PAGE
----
Pseudo-Intellectual musings by a pseudo-intellectual person.
Published on February 19, 2004 By PoetPhilosopher In Religion


Note the bottom four in the right chart. Heh heh.

Comments (Page 4)
on Feb 21, 2004
One of the reasons that both atheists and the religous come under criticism is the refusal of mainstream followers to distance themselves from the extremists of their party. When Jerry Falwell said after 911 that "God continues to lift the curtain and allow the enemies of America to give us probably what we deserve" and then added "The ACLU's got to take a lot of blame for this" I am not aware that any Christian leader said "Jerry you are NUTS!" (See http://www.sullivan-county.com/nf0/nov_2000/falwell_911.htm for Jerry Falwell's full speech.) This leads to a feeling of "insanity by association."

Now I feel the same about militant atheists who aver their opinion without supporting evidence as well. Also Jewish religious fanatics who maintain a tribal superiority (I recommend "Postville: A clash of cultures in America's heartland" as a good read), Islamic extremists, in fact anyone that thinks that they have a direct line to wisdom that brooks no questioning.
on Feb 21, 2004
"Also Jewish religious fanatics who maintain a tribal superiority"

I'm not sure why such people can be considered "Jewish religious fanatics". Jewish belief doesn't say anything about a tribal superiority or even about Judaism being more right than other religions.

In fact, it is quite clear that Judaism as a religion does not define the truth for all but merely the rules for some, namely Jews. Others do not have to follow the Jewish rules (i.e. they can work on Saturday if they wish) and it is Jewish belief that non-Jews are fine if they don't. Jews, otoh, must obey the rules of the Torah (it is my own belief that G-d is not strict about it though).

As for tribal anything, Jewish tradition points rather to a tribal inferiority. The assumption is that G-d chose the Jews not because they were superior but because they were inferior and their success would then be an even greater proof for the might of the highest being.
on Feb 22, 2004
I am surprised that a poll would generate so much discussion. I'm also surprised at the insults that have been written here. My opinion was that this site was superior to most--in that except for one person, we discussed our points of view rather than insulted other bloggers.

Many of you may know that I am religious. Proving the existance of God is impossible because everyone has to agree on what constitutes proof. Most of us live according to what works best for us. Reason, science and argument has nothing to do with it. I believe in God because I have seen people transformed from criminals to productive citizens. I have seen attitudes changes and hope given to those without it. This is not proof, only evidence.
on Feb 22, 2004
lol Sherye, people are people wherever you go. Even JoeUser, where's there's a high percentage of very high quality users. But that's not what I've commented to say.

The reason that Christians are pushy about their religion is that we believe that people who haven't adopted those beliefs at the time of death will go to Hell. For an atheist, I think the best idea is to shut up. No skin off their back if other people believe otherwise, and hey, more women for them right? But for Christian's, to remain silent is to essentially be a monster.

So it's the eternal struggle of a Christian to constructively communicate his or her belief without pushing people away at the same time. It's rough.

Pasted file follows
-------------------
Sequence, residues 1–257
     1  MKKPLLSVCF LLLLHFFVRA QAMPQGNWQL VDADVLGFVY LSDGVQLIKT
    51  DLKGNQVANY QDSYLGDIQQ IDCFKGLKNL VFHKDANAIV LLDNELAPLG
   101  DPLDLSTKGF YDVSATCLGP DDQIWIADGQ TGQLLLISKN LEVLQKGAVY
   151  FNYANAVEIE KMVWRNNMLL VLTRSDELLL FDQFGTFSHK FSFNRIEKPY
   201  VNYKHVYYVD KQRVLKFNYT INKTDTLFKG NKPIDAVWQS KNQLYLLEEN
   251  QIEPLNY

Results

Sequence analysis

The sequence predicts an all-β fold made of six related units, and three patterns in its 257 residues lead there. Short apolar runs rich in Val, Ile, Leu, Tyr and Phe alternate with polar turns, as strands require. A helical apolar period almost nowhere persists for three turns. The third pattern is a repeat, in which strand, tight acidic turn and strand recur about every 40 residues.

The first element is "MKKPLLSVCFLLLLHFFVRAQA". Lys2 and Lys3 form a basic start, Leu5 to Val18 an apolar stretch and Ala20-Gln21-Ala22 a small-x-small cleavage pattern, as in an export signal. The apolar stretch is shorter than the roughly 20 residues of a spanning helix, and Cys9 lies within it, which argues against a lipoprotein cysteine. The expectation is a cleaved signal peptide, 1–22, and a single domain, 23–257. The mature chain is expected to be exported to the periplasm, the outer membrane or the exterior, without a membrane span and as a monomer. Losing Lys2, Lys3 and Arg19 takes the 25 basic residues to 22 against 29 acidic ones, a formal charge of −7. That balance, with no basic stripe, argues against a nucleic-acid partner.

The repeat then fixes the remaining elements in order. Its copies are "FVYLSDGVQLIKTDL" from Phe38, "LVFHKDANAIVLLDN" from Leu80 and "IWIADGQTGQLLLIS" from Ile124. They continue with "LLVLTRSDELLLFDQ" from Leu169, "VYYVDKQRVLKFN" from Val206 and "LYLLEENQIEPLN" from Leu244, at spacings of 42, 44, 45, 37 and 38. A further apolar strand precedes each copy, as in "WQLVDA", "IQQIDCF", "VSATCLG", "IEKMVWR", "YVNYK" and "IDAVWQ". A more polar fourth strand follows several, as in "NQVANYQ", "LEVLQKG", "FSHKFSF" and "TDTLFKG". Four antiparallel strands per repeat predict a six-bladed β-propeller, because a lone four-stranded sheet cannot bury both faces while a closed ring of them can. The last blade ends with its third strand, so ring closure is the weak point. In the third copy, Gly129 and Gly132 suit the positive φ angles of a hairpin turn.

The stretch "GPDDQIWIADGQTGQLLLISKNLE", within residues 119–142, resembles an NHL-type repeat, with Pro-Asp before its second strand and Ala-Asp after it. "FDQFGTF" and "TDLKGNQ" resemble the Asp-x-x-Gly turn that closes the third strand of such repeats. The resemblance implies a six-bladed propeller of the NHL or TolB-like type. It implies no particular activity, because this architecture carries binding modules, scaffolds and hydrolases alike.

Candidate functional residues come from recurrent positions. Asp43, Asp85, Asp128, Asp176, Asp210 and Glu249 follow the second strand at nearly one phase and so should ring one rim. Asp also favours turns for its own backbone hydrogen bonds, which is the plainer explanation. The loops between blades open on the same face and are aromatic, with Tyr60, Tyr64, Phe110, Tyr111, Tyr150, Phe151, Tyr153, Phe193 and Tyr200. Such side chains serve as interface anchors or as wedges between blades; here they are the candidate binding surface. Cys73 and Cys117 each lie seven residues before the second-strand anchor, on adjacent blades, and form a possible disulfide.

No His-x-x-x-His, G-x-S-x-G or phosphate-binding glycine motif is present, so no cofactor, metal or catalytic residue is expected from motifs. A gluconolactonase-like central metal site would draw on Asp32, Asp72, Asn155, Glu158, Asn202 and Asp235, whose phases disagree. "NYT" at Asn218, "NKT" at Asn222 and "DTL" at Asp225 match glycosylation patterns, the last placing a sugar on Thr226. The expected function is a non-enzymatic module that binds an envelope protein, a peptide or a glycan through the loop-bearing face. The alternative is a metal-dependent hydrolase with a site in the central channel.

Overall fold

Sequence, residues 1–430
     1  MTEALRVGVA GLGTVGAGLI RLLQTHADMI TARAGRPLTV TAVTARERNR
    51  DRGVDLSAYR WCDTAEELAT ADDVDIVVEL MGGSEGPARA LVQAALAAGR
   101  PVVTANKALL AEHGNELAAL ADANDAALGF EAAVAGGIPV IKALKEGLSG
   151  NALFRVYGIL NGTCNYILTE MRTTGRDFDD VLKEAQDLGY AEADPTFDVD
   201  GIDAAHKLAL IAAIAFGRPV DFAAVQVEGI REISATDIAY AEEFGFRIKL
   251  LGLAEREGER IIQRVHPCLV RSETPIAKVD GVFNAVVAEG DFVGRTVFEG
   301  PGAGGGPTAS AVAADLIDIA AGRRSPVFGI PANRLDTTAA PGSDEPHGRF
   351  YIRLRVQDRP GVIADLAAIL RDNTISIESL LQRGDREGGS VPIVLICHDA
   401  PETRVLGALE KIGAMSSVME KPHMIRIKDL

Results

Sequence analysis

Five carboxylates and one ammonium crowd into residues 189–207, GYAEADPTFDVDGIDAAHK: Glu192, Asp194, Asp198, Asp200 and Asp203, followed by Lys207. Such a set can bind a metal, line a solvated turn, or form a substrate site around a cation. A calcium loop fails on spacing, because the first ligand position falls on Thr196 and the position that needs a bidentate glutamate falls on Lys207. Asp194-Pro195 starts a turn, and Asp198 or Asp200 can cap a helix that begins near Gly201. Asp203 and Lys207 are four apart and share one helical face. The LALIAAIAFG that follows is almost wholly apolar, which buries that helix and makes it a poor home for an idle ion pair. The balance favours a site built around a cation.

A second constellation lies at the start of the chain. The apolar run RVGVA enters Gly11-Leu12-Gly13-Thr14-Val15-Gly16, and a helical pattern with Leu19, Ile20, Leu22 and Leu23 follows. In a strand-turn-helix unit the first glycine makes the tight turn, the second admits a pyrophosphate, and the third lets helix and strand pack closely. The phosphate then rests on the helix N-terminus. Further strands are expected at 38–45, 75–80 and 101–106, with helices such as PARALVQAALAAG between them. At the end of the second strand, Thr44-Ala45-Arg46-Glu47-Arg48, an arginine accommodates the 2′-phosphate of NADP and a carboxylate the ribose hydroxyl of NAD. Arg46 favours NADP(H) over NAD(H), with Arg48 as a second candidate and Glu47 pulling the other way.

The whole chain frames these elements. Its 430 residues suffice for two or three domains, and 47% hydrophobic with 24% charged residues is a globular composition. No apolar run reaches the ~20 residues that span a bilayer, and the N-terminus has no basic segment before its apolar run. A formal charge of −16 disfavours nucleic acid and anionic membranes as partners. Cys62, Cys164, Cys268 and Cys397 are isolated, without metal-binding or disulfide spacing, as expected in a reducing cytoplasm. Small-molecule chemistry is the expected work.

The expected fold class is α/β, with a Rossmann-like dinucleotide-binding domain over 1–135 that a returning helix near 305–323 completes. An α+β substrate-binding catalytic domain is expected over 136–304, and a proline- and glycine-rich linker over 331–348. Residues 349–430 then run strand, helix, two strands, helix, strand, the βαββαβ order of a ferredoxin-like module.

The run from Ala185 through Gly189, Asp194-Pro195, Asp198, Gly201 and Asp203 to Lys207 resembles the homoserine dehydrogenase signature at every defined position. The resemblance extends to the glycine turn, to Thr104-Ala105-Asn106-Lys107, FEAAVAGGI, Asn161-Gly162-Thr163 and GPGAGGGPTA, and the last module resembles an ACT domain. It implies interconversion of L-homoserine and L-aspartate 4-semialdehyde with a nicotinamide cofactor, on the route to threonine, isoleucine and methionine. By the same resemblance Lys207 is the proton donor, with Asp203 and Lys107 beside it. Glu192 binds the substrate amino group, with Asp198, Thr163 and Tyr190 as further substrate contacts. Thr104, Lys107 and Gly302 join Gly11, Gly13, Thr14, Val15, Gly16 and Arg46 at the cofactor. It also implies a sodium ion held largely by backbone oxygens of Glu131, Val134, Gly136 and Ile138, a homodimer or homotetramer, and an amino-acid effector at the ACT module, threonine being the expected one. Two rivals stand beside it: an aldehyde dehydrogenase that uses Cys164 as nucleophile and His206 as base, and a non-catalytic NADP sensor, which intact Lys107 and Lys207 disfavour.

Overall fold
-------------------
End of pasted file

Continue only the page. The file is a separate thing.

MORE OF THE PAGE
~Dan
on Feb 22, 2004
Religion sucks.
That does not mean that "believers" are weak.
That also does not mean that all "believers" are not weak either.

I do not believe that a "supernatural being" exists because I find comfort in it. It actually disturbs me much more than I could ever find comfort in this belief.

There are those who are weak and rely on the idea that their is a "Almight God" that will carry them through tough times.
But there are just as many people of strong nature and convictions that believe as well.

Where belief goes wrong, and enters into hypocracy, is within the organized religions of the world.

You should never confuse belief with religion. Religion is politics in the guise of good will (or bad depending on what religion you adhere to). But beliefs on the other hand, are something that simply are...

on Feb 22, 2004
I think I'll write a blog on that, Sphere. Thanks.

~Dan
on Feb 25, 2004
Pam, that's nonsense. Its true meaning is not what it meant in the past anymore than the "true" meaning of "awful" is "filling you with awe" because that's what it used to mean. In fact words largely take their meaning from context - try doing research on "domains of discourse".
regards Rab
on Feb 25, 2004
I agree with Rab. It's also my opinion that if you start with the commen Pam, that's nonsense. then you should rethink your comment.



~Dan

on Feb 25, 2004
...why doesn't the quote option work anymore? Watch what happens when I try to quote Rab's post.

Pam, that's nonsense. Its true meaning is not what it meant in the past anymore than the "true" meaning of "awful" is "filling you with awe" because that's what it used to mean. In fact words largely take their meaning from context - try doing research on "domains of discourse". regards Rab

~Dan
on Feb 26, 2004
In the beginning there was nothing, then George W stepped into the universe and decreed, Let there be WMD.
on Feb 26, 2004
I think it is fine for those that believe in God to evangelicize (sp?) - just as it is fine for Atheists to spread their belief of the "truth".

Consider: if you thought the sky was red and I knew it was blue - it would be very natural for me to want to convince you it was blue - even if in the end it "didn't matter".

Same goes for Believers, same goes for Atheists.